From the conditions, any schedule is consistent with a sequence of . Generally, we let denote a sequence of , as well as the consistent schedule. Let denote the actual processing time of job at position , , where represents the variable ratio. We assume that if is negative lest the actual processing time of some job is negative in some feasible schedules, where . Given a sequence , the completion time of job is denoted by . The cost of job is equal to . Therefore, the cost of agent is defined as the maximum cost of jobs; that is, , . For any job set , we define the completion time of denoted by to be the completion time of its last job. If there is no confusion, , , and are short for , , and , respectively. For any two feasible schedules and , we call Pareto better than if and only if and at least one inequality strictly holds. is called Pareto optimal if there is no schedule Pareto better than . And is a Pareto optimal point. The objective is to find all the Pareto optimal points. Adopting the notation of , the PP problem can be denoted by . For any job set , let . Furthermore, if , then .
Lemma 1 (see ). Let be a feasible schedule of job set ; then .
From Lemma 1, we know that the completion time of does not depend on the processing order of jobs of .
Let be a number pair; we consider problem ≤ . For the pair , we define the resulting due date of to be with and , ; . Let EDD be the schedule in which we sequence the jobs of in nondecreasing order of the resulting due dates and try to schedule -jobs after -jobs for breaking the tie if it exists. Similar to the proof of EDD rule , we can get the following lemma.
Lemma 2. If problem is feasible, then schedule EDD is a feasible schedule.
3. The Main Results
In this section, we will describe our algorithm to show that the PP problem can be solved in . First, we design an algorithm to solve the problem and the problem for any given bound .
Algorithm . For problem .
Step 0. Initialize , , , , .
Step 1. Calculate the current completion time .
Step 2. If and , then Stop and Return the value .
Step 3. If and , let be the set of -jobs of with the cost at most . If , then Stop and Return infeasible. Otherwise arbitrarily select one -job of and schedule job at position , , , , go to Step 1.
Step 4. If and , we select an -job out of so that and schedule at position , , go to Step 1.
Step 5. If and , let be the set of -jobs of with the cost at most . If , then we select an -job out of so that and schedule at position , , , , , go to Step 1. Otherwise arbitrarily select one -job of and schedule job at position , , , , go to Step 1.
We can apply Algorithm to problem only by exchanging the identities of agent and agent .
Theorem 3. Algorithm solves the problem correctly.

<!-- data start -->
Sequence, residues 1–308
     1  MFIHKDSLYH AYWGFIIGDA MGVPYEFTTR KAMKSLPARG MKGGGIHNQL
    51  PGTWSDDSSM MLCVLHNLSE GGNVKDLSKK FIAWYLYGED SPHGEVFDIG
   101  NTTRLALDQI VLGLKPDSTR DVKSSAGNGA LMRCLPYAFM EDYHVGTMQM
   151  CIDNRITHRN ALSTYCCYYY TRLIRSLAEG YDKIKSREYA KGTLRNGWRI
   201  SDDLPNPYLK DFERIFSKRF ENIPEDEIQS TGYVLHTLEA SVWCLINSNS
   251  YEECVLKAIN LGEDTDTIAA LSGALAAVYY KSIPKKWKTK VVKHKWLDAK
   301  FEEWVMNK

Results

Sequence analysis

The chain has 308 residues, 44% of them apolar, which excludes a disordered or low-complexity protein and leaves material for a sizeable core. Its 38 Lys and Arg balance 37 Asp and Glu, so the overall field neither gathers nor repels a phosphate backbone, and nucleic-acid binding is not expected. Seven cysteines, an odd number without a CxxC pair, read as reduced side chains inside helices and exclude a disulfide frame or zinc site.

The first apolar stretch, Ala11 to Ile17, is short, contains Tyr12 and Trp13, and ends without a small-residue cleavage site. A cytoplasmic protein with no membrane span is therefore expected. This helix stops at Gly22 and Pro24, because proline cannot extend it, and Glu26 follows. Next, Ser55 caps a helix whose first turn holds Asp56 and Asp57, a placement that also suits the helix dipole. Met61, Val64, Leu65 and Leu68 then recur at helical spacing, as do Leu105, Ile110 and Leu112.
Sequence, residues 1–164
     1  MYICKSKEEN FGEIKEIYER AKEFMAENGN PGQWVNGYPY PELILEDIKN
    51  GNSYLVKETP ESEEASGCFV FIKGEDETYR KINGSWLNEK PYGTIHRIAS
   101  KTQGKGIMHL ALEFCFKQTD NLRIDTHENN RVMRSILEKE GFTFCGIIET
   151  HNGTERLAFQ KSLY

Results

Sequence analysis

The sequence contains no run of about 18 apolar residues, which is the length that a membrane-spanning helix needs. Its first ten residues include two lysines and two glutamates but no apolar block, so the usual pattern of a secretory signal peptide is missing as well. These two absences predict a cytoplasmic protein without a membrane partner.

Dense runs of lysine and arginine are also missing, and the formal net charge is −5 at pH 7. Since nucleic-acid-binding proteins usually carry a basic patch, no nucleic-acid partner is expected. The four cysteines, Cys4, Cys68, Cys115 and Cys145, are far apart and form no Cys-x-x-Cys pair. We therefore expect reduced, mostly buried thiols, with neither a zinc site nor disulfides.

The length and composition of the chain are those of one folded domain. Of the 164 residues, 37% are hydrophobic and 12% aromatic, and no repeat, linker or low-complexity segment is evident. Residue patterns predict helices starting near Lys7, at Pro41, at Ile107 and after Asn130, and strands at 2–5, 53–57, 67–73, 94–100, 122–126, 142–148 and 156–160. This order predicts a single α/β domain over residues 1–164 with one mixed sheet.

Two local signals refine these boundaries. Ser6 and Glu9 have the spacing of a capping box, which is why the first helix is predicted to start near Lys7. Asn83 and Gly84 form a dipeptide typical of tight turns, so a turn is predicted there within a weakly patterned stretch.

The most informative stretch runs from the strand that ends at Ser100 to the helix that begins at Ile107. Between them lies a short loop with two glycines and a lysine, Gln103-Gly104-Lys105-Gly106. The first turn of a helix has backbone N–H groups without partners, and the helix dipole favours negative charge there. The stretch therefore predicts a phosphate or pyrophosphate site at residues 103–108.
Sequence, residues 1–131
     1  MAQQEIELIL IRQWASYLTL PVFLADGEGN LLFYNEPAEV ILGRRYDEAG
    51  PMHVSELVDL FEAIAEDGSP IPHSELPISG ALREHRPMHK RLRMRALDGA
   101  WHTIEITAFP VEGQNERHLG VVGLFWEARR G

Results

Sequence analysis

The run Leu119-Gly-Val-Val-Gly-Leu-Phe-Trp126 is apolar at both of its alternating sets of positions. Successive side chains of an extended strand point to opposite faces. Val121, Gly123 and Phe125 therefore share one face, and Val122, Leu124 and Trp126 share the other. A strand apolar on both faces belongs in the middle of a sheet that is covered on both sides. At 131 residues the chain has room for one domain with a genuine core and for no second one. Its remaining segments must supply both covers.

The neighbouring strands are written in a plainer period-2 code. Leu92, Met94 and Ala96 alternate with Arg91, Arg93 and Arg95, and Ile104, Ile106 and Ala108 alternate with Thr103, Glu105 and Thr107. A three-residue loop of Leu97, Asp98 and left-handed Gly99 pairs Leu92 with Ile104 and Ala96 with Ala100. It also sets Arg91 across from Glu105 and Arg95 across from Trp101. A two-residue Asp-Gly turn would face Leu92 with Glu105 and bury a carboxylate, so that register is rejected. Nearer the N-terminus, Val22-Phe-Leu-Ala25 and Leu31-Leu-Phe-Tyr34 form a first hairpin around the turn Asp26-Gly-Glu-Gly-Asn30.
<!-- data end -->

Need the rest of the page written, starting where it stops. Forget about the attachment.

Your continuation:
Proof. Suppose is the resulted sequence by applying Algorithm to problem . Let be an optimal sequence of problem ; we only need to prove that . Let be such an -job that ; we denote by the set of jobs prior to job in including job . Let be the last job of scheduled in ; we denote the set of jobs prior to job in including job by . and . According to Algorithm , for each -job , we have . Since , . Furthermore, must be an -job . By the algorithm, we know that . So We complete the proof.
Algorithm . For problem .
Step 0. Call Algorithm to . If algorithm returns infeasible, then let Algorithm stop and returns infeasible. Otherwise let be the returned value . Call Algorithm to , let be the returned value, then we stop the algorithm and return the pair .
Theorem 4. Algorithm returns a Pareto optimal point with . Furthermore, if is also a Pareto optimal point with , then and .
For each schedule , we define the indicator function as below: Here means that is prior to in and vice versa. Furthermore, we set .
Lemma 5. For any two Pareto optimal points and , only if and .
Proof. Since the cost function of job is nondecreasing, , we have for any -job , and for any -job , . Therefore,Note that and are two Pareto optimal points; we have and , . Let be such a -job that which means that ; we denote the job set of jobs prior to in including job by :Let be the last job of scheduled in , and we denote the set of jobs prior to job in including job by : and . By (4), It means that is not a -job but an -job. And we denote the -job by ; thenTherefore, We complete the proof.
Algorithm . For problem .
Step 0. Initialize , .
Step 1. Call Algorithm for problem .
Step 2. If Algorithm returns infeasible, then we stop and output the Pareto optimal points . Otherwise, let be the resulted schedule from Algorithm ; set , , . And go to Step 1.
Theorem 6. Algorithm returns all the Pareto optimal points of problem in .
Proof. It is obvious that Algorithm returns all the Pareto optimal points. We then analyze the complexity of Algorithm . Note that Algorithm can be implemented in ; Algorithm can also be implemented in . For any feasible schedule , . Hence, by Lemma 5, there are at most times of implementation of Algorithm during the running of Algorithm . Furthermore, we can get that Algorithm can be completed in .
Conflict of Interests
The author declares that there is no conflict of interests regarding the publication of this paper.
This work was supported by the Natural Sciences Foundation (Grant no. 20142BAB211017) of Jiangxi Province and the School Subject (Grant no. 06162015) of Jiangxi University of Finance and Economics.